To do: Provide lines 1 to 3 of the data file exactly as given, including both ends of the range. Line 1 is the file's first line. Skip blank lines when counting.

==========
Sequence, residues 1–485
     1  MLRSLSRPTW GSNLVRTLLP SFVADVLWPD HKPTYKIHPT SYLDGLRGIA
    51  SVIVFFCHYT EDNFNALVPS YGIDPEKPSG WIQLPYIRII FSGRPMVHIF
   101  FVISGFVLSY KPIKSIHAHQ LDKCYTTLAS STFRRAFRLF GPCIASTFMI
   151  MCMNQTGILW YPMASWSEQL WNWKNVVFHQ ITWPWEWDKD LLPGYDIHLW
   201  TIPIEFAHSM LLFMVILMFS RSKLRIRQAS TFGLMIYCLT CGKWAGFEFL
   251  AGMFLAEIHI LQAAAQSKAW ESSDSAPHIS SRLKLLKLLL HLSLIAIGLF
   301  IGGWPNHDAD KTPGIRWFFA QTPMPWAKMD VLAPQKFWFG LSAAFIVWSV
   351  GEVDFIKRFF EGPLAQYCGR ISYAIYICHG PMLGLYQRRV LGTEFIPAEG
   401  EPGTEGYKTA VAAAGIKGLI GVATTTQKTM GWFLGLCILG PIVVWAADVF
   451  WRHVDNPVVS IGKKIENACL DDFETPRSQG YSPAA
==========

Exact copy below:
Sequence, residues 1–485
     1  MLRSLSRPTW GSNLVRTLLP SFVADVLWPD HKPTYKIHPT SYLDGLRGIA
    51  SVIVFFCHYT EDNFNALVPS YGIDPEKPSG WIQLPYIRII FSGRPMVHIF